As the moral conscience of the novel, Úrsula struggles to restrain her self-defeating family members in their headlong rush into incest (her son José Arcadio marries his sister Rebeca), promiscuity (her son Aureliano produces seventeen illegitimate sons), profligacy (her carousing great-grandson Aureliano Segundo), and bitterness (Amaranta). Though a moral woman, she is not crippled by her morality: after all, she takes in the illegitimate grandson abandoned by her son José Arcadio when he runs off with the gypsies, adopts little Rebeca who may or may not be a biological relative, and opens her home and heart to Aureliano's seventeen bastard sons.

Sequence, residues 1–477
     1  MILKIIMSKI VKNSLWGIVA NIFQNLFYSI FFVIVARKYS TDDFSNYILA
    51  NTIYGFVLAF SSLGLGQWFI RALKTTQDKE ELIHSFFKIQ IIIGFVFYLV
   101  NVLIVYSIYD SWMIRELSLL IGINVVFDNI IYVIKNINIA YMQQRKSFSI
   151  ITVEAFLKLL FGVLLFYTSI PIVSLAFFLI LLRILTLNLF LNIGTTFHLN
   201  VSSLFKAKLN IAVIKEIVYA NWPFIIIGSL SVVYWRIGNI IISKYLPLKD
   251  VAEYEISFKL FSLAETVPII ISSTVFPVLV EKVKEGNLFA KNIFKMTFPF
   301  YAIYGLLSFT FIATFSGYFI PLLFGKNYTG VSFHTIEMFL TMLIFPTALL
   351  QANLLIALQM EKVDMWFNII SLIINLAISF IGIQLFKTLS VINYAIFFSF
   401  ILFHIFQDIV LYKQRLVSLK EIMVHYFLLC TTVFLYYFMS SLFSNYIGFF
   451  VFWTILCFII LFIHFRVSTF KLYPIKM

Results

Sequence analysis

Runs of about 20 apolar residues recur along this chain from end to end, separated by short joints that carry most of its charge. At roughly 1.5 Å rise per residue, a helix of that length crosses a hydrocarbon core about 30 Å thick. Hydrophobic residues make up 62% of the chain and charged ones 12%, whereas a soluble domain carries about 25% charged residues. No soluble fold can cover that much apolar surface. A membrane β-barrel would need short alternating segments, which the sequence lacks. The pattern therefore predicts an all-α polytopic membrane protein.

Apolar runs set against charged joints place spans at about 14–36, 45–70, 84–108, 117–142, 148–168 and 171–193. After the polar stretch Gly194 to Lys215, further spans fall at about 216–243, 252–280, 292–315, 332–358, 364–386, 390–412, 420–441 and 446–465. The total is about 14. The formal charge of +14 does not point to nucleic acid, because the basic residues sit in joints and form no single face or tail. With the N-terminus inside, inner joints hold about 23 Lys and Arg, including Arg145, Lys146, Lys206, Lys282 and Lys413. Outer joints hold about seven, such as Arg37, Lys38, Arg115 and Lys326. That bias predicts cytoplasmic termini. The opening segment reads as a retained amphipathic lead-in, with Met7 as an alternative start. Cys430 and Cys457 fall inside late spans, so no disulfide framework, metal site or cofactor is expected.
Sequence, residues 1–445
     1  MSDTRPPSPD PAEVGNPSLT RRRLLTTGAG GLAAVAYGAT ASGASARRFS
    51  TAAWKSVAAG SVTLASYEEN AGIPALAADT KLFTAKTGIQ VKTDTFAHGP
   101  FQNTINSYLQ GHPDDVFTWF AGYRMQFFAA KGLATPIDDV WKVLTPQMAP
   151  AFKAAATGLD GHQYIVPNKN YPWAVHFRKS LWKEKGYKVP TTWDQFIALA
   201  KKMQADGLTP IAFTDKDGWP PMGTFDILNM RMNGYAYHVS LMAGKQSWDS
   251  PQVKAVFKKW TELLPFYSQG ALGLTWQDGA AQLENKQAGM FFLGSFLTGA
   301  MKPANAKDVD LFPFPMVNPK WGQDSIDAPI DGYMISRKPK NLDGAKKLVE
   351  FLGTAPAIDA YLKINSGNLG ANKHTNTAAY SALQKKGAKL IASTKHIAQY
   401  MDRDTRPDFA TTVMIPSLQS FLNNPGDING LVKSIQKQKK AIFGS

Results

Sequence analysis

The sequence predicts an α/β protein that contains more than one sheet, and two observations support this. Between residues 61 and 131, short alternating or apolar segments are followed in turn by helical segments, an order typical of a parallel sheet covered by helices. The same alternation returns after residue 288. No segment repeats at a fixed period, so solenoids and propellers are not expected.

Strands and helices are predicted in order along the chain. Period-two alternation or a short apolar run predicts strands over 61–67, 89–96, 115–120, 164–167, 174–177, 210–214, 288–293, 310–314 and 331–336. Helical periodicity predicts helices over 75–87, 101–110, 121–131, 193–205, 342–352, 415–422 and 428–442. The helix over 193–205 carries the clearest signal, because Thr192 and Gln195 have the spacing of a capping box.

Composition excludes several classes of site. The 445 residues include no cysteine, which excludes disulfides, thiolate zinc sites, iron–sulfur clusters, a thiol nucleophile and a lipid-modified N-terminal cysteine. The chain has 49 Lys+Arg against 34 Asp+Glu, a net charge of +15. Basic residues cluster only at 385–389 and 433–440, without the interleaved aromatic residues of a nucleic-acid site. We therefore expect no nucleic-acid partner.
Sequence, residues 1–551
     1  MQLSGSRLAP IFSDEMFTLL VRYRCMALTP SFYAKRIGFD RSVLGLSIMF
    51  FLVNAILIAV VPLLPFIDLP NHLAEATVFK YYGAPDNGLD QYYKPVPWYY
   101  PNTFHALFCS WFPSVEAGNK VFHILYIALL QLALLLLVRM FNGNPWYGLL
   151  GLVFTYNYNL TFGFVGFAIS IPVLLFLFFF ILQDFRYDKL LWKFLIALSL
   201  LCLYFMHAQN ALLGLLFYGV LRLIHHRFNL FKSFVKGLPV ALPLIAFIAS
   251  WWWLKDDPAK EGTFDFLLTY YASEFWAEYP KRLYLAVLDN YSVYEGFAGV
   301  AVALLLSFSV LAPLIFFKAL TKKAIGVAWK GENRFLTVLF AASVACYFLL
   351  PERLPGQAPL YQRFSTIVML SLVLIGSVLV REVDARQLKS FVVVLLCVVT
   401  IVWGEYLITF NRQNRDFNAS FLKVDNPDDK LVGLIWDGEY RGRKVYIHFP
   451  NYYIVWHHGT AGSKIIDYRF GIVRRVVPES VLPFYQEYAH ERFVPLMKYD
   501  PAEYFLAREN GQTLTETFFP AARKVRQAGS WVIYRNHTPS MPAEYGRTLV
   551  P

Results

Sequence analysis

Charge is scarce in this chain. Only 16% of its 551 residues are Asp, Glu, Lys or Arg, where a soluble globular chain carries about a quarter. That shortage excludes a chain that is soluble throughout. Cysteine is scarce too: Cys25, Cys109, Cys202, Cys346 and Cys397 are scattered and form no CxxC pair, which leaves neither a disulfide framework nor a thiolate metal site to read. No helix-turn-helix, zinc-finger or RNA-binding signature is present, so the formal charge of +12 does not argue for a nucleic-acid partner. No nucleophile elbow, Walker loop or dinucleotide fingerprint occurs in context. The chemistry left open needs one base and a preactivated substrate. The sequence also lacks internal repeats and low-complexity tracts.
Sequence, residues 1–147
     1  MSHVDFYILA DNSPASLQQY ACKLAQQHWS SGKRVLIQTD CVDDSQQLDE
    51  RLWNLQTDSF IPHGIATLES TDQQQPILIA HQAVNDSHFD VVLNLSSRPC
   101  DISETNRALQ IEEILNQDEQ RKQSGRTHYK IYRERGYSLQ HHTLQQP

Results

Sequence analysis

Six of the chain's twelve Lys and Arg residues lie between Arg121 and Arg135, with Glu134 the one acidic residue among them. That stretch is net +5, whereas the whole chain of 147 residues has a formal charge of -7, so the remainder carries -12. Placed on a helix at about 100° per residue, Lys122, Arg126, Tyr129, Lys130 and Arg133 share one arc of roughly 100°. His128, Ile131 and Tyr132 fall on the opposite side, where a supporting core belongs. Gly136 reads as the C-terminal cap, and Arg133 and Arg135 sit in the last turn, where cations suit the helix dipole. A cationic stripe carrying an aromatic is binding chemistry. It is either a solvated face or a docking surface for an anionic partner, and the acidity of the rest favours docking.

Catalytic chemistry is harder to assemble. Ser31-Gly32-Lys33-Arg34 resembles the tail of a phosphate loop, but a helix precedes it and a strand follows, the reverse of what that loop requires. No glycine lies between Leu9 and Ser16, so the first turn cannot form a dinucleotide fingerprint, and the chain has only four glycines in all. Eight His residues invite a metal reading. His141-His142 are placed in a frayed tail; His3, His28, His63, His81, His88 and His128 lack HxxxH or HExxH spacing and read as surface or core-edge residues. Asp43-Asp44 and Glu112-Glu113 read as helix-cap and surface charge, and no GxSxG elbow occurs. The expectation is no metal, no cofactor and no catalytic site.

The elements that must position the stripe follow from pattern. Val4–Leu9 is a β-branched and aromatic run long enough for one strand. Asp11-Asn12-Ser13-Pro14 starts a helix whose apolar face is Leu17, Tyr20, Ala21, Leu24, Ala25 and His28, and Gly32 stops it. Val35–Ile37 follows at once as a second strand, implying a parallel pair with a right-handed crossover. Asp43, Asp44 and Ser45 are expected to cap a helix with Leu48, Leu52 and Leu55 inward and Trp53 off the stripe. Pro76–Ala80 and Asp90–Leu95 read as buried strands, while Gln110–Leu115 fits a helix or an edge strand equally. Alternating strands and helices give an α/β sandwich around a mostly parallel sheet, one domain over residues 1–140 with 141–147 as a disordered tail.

But Úrsula is also not superhuman—her power and influence are sadly limited. She can't stop her son José Arcadio from becoming a gypsy, and later a male prostitute any more than she will be able to dissuade her grandson Arcadio from becoming the most despotic ruler Macondo has seen or the Colonel from executing a man who deserved clemency. She's powerless to stem the losses and tragedies that beset the family. We must conclude that there are forces of evil for which no woman, even one as powerful as Úrsula, is a match. Like the matriarchs of the Bible, Úrsula seems to live to an impossibly old age. She watches over the family until the last Buendía dies, and the town's fate is sealed. As such, Úrsula is both the force that keeps the novel going for five generations and the moral conscience of a family in decline.